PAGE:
o There can be no JTWROS arising from CP without partitioning it first.
o Jameson v. Bain – the partition/joint tenancy card was signed in the wrong order, so the spouses did not first partition the property, but did so after creating a joint tenancy…which was not valid due to the strict procedures in the constitution.

STATUTES AND DECISIONS, 1968 – 1980

· Few v. Charter Oak Fire Ins. Co. page 28
o Plaintiff (Few) won a judgment from Defendant after she was severely burned in an accident at work. Since her workers compensation was community property the Defendants argue that her husband should have been joined as a party to the lawsuit. Under rule 39.
o When a rule of the court conflicts with a legislative enactment, the rule yields. A wife does not have to join her husband in a suit for recovery of worker’s compensation benefits arising out of her own injuries. Worker’s compensation is community property, and her husband owns it jointly with her. But despite the joint ownership, he doesn’t have to be a party to the suit to recover them.
o §3.001(3): the recovery for personal injuries sustained by the spouse during marriage, except any recovery for loss of earning capacity during marriage, is separate property.
· Graham v. Franco page 31
o Mr. and Mrs. Franco were in a car that was struck by the defendant. Should the wife be able to recover for personal injury or is the husband’s contributory negligence a bar?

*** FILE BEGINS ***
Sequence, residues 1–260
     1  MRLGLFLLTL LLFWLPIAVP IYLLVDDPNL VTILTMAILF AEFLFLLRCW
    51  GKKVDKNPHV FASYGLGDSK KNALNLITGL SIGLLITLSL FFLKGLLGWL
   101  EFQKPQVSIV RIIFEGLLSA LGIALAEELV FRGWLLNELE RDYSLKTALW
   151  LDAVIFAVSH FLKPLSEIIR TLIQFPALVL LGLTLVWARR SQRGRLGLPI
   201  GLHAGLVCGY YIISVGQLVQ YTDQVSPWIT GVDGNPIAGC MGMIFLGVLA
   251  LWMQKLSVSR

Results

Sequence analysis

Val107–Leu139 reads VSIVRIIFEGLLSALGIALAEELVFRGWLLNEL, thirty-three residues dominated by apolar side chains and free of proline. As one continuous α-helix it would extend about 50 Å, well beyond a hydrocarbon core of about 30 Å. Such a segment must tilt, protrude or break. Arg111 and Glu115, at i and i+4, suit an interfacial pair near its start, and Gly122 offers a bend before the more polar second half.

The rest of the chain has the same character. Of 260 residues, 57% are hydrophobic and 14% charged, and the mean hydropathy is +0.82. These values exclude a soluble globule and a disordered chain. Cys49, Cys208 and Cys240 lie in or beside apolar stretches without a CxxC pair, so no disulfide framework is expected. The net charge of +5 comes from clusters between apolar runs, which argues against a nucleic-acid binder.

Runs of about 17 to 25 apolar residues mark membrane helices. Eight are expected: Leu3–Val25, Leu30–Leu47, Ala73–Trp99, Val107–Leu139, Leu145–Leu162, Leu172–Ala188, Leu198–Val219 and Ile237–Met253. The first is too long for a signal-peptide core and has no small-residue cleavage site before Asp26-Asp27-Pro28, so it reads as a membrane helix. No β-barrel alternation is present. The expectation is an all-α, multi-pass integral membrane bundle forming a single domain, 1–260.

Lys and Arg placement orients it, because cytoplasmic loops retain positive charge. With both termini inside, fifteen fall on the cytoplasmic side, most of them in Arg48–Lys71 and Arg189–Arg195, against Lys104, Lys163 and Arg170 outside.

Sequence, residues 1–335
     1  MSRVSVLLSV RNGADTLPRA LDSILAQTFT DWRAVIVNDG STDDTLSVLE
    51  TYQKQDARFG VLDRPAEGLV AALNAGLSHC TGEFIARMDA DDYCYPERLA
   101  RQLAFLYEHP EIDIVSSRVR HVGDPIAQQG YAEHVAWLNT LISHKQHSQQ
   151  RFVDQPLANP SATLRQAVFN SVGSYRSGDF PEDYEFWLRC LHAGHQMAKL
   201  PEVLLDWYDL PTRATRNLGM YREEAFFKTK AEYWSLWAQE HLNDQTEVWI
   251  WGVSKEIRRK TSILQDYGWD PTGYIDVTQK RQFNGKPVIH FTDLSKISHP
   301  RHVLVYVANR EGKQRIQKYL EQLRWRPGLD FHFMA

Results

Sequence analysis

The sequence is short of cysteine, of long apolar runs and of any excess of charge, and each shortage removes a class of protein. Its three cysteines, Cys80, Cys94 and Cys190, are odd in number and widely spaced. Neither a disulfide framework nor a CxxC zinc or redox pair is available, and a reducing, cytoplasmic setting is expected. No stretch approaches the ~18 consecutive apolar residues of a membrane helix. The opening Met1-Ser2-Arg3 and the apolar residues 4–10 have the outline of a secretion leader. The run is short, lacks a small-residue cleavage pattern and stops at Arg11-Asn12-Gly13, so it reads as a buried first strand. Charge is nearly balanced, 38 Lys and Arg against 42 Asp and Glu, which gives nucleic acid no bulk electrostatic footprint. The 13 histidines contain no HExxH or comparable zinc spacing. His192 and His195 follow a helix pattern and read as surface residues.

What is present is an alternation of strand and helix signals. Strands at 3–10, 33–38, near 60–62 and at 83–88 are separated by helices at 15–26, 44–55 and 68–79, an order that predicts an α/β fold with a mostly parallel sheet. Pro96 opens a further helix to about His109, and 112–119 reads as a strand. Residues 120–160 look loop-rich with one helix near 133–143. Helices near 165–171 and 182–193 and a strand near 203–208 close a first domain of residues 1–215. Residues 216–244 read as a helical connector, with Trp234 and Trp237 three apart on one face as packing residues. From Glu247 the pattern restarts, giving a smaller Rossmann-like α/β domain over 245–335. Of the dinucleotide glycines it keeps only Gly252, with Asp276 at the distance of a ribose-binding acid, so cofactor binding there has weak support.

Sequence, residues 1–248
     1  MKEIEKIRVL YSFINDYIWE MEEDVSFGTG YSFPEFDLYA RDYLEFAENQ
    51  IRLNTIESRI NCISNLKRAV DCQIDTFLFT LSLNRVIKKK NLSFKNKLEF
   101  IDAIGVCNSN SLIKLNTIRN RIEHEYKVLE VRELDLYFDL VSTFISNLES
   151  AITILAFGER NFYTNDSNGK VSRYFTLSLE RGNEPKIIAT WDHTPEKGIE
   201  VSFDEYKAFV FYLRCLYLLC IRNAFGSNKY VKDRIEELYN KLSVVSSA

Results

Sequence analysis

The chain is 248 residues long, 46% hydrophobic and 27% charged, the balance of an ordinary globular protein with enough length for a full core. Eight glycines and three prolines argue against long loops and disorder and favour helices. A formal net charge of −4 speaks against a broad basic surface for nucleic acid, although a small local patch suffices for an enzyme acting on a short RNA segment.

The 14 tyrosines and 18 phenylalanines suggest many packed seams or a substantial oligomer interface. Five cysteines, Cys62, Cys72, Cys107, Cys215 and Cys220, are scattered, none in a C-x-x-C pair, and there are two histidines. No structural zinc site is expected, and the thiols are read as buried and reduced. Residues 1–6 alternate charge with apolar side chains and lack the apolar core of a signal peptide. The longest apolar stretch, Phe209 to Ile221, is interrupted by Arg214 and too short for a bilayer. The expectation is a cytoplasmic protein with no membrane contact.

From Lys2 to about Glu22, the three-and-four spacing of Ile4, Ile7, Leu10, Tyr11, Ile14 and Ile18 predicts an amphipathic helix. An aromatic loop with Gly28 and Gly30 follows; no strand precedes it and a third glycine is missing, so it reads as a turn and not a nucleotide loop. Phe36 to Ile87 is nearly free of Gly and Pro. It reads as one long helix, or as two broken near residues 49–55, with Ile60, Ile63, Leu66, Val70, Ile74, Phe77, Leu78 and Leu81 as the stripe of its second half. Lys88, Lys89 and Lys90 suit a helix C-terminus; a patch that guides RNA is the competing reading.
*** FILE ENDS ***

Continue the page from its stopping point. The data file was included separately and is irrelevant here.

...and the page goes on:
o The recovery awarded for personal injuries sustained by either spouse during marriage is the separate property of that spouse except for any recovery for loss of earning capacity during the marriage. The acts of negligence of the husband are not imputed to the wife so as to bar her recovery.
o PERSONAL INJURY RECOVERY IS SEPARATE PROPERTY
§ What day controls the characterization of property? The day the accident occurred.
§ The person who was injured has sole management of personal injury recoveries, even if some of them are characterized as community property.
§ Pain and suffering is separate
§ Medical expenses and lost wages are community property.
o Southwestern Bell v. Thomas – W’s recovery for damages for personal injuries is not barred by contributory negligence on H’s part.
o Schwing v. Bluebonnet Express – in a wrongful death action for the death of a W, contributory negligence of the H would be imputed to bar the H’s cause of action, but that it would not serve as a bar to the cause of action of the children.
· Wyly v. Commissioner page 39